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General Life Satisfaction Short Scale (L-1)

  • Autor/in: Nießen, D., Groskurth, K., Rammstedt, B., & Lechner, C. M.
  • In ZIS seit: 2020
  • DOI: https://doi.org/10.6102/zis284
  • Abstract: The General Life Satisfaction Short Scale (L-1) described herein measures general life satisfaction with one item (completion time < 10 s). The scale is the English-language adaptation of ... mehr the German-language scale “Kurzskala zur Erfassung der Allgemeinen Lebenszufriedenheit.” The item of the German-language source version was translated into English using the TRAPD approach. Our empirical validation based on a heterogeneous quota sample in the UK showed that the reliability and validity coefficients of the English-language adaptation are satisfactory and comparable to those of the German-language source version. As an ultra-short scale, L-1 lends itself to the assessment of general life satisfaction particularly in survey contexts in which assessment time or questionnaire space are limited. The scale is applicable in a variety of research disciplines, including psychology, sociology, and economics. weniger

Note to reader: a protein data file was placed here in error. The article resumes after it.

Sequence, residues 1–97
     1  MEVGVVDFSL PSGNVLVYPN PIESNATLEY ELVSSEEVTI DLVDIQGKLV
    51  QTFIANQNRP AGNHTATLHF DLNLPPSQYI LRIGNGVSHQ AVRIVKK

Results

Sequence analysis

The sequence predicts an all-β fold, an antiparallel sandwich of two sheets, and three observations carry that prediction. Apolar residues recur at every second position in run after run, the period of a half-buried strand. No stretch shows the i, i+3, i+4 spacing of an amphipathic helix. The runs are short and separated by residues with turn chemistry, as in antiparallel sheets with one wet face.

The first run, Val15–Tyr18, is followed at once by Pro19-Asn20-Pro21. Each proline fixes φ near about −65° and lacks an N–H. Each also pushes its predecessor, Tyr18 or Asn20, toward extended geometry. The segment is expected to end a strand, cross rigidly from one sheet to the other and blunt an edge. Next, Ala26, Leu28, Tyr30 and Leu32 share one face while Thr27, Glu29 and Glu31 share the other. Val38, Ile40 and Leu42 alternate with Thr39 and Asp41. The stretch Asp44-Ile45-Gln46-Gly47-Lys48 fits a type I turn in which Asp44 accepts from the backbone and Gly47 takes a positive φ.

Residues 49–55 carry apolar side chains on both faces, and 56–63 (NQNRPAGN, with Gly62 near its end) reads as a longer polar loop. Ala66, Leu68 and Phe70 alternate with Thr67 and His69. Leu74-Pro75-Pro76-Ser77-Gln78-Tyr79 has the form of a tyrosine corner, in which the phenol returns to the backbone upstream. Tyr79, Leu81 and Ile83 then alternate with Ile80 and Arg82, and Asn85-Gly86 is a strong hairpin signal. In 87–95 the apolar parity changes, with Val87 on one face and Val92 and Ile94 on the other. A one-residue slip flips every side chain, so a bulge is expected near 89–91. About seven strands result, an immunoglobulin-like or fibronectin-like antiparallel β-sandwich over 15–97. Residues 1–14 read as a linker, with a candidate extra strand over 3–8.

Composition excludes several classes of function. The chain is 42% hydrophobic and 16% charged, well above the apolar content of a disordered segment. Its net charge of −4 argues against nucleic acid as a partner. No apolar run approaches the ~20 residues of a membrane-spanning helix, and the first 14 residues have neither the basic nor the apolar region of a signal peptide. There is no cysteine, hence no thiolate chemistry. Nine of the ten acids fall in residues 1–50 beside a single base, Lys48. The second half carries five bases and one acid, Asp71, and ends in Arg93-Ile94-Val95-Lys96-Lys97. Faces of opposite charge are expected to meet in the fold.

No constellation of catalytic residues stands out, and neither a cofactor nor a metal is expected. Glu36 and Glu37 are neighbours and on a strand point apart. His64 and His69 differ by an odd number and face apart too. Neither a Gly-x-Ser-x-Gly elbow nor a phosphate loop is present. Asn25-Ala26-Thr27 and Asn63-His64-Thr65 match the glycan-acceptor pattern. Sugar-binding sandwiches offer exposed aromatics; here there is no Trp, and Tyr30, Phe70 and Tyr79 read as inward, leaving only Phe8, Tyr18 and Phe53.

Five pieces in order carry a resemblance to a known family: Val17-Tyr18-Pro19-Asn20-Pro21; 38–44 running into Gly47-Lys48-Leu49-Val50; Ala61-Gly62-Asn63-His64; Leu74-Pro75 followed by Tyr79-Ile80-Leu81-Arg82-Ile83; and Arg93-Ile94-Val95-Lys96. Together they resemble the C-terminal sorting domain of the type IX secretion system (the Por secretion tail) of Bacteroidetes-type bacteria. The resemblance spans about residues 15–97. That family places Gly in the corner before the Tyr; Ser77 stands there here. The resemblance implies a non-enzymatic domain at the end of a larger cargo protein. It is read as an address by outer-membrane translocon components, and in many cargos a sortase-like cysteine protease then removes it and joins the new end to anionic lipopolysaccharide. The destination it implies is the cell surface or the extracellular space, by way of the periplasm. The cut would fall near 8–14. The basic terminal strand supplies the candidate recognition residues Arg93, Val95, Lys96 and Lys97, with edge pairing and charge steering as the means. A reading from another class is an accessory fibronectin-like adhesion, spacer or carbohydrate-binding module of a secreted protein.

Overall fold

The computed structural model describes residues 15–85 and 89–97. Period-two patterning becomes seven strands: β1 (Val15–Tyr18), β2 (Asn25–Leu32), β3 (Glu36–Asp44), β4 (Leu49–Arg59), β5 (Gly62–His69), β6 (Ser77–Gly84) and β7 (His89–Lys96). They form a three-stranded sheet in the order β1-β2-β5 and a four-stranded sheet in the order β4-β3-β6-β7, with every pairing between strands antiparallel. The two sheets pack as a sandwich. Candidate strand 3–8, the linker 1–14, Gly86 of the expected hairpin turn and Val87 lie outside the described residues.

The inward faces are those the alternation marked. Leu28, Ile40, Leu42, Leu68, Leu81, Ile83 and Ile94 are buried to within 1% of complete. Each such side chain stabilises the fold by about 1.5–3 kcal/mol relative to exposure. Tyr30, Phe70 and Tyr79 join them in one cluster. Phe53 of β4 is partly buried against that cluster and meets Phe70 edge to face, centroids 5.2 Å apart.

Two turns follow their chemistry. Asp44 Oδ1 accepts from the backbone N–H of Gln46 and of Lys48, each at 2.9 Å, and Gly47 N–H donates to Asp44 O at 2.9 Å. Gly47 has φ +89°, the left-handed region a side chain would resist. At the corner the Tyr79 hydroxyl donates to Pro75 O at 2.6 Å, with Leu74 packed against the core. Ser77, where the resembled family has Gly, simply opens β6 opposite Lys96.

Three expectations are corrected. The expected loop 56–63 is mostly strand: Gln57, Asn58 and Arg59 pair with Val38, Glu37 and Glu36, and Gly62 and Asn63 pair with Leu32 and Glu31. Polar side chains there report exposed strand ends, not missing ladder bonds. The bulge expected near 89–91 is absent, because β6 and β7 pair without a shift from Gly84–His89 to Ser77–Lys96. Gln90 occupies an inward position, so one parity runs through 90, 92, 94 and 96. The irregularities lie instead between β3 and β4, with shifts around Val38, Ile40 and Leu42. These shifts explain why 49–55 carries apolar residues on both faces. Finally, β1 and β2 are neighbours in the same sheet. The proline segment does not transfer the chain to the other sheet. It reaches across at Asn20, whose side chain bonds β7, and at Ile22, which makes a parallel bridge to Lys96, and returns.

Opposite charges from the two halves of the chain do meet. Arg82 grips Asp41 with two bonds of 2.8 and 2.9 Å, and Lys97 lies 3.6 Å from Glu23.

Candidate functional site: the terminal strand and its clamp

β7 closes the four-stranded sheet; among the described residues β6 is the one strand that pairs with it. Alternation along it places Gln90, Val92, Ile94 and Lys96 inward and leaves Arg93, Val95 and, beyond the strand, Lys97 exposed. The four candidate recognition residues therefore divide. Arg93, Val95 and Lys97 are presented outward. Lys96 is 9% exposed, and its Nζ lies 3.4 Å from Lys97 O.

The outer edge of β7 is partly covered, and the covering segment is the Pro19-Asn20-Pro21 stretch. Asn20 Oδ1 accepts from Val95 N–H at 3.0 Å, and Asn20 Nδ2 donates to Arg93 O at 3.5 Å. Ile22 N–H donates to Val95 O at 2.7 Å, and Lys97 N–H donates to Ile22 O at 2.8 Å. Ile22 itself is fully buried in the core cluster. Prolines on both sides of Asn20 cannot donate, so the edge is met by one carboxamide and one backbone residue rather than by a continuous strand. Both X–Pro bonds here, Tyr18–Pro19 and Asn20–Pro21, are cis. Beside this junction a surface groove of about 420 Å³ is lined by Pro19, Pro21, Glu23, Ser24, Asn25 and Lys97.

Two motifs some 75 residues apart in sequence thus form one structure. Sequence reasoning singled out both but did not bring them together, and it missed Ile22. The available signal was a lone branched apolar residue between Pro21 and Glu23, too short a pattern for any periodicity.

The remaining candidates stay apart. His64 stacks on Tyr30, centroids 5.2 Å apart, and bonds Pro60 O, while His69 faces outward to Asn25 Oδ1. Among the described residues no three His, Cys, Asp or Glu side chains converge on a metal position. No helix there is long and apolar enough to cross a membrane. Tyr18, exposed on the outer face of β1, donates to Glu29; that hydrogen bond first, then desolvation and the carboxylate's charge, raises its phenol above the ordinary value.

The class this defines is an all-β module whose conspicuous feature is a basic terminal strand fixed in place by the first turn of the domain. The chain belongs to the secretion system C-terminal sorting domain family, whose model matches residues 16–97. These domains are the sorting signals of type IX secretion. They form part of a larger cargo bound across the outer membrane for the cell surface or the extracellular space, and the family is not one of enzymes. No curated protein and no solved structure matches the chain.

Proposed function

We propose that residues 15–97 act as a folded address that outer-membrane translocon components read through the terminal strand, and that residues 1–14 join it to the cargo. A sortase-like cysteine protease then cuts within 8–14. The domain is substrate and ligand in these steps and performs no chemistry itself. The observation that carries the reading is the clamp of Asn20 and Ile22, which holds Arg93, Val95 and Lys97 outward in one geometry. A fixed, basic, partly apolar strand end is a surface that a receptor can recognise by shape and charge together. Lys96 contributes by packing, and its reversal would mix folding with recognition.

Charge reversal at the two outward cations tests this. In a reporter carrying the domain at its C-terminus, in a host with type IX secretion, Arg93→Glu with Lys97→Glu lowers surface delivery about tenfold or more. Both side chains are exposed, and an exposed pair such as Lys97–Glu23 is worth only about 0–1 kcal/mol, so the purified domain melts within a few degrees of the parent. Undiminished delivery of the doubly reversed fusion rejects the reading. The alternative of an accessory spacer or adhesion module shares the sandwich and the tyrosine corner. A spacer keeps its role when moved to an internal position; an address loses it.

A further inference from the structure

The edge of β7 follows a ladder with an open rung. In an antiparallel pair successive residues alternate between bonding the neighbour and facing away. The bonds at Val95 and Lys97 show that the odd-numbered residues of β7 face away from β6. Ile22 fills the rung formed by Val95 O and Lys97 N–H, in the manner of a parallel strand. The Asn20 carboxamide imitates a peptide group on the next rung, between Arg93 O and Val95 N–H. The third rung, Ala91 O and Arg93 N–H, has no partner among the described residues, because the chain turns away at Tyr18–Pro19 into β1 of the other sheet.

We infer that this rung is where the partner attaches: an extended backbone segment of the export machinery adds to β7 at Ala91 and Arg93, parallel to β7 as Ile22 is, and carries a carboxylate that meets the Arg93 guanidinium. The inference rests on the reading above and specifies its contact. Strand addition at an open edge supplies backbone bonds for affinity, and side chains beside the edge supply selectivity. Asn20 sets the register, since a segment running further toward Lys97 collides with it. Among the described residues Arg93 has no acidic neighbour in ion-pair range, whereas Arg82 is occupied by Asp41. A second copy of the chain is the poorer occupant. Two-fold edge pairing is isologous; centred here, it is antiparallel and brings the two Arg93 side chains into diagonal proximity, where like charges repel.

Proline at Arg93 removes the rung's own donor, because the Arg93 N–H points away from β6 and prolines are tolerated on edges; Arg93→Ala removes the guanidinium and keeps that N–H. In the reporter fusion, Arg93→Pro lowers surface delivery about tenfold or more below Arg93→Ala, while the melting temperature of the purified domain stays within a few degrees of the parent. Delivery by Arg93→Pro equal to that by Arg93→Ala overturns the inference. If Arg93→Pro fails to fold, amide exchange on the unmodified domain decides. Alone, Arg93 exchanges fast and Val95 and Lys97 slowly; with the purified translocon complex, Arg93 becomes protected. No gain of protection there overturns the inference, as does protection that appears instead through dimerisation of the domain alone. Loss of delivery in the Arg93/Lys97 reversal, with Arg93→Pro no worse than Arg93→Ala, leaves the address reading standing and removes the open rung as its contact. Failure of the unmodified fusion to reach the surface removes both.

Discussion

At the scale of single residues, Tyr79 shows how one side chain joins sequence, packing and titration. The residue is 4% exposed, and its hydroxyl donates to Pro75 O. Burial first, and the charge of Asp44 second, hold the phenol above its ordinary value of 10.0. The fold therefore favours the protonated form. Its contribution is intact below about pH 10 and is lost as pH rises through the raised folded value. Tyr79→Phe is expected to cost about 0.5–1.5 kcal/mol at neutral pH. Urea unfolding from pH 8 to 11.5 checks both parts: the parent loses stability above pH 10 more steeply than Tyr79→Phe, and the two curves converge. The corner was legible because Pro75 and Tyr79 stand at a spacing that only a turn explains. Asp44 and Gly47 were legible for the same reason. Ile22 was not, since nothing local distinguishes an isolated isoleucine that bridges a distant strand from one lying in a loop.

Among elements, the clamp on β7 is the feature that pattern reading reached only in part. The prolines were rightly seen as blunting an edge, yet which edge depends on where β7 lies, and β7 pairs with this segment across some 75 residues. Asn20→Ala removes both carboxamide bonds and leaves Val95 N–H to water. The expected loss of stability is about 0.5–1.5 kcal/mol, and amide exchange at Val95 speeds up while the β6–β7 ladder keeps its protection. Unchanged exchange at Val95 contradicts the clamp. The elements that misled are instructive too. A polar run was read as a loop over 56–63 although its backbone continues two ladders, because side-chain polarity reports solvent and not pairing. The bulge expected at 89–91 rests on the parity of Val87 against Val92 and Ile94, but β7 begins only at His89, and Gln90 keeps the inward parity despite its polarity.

• Sprache Dokumentation: English
  • Sprache Items: englisch, deutsch (Quelle)
  • Anzahl der Items: 1
  • Erhebungsmodus: CASI
  • Bearbeitungszeit: < 10 s
  • Reliabilität: retest = .82
  • Validität: evidence for construct validity
  • Konstrukt: life satisfaction
  • Schlagwörter: well-being, quality of life
  • Item(s) in Bevölkerungsumfrage eingesetzt: yes
  • URL Datenarchiv: https://doi.org/10.7802/2079
  • Entwicklungsstand: validated
  • Gütezeichen: TBS-DTK Transparency Certification; Self-declaration TBS-DTK; ZIS_DIN-Screen
    • Items

      Table 1

      Item of the English-Language Adaptation of the General Life Satisfaction Short Scale (L-1)

      No.

      Item

      1

      The next question is about your general satisfaction with life. All things considered, how satisfied are you with your life these days?

       

      Response specifications

      The item is answered using an 11-point rating scale from not at all satisfied (1) to completely satisfied (11).[1]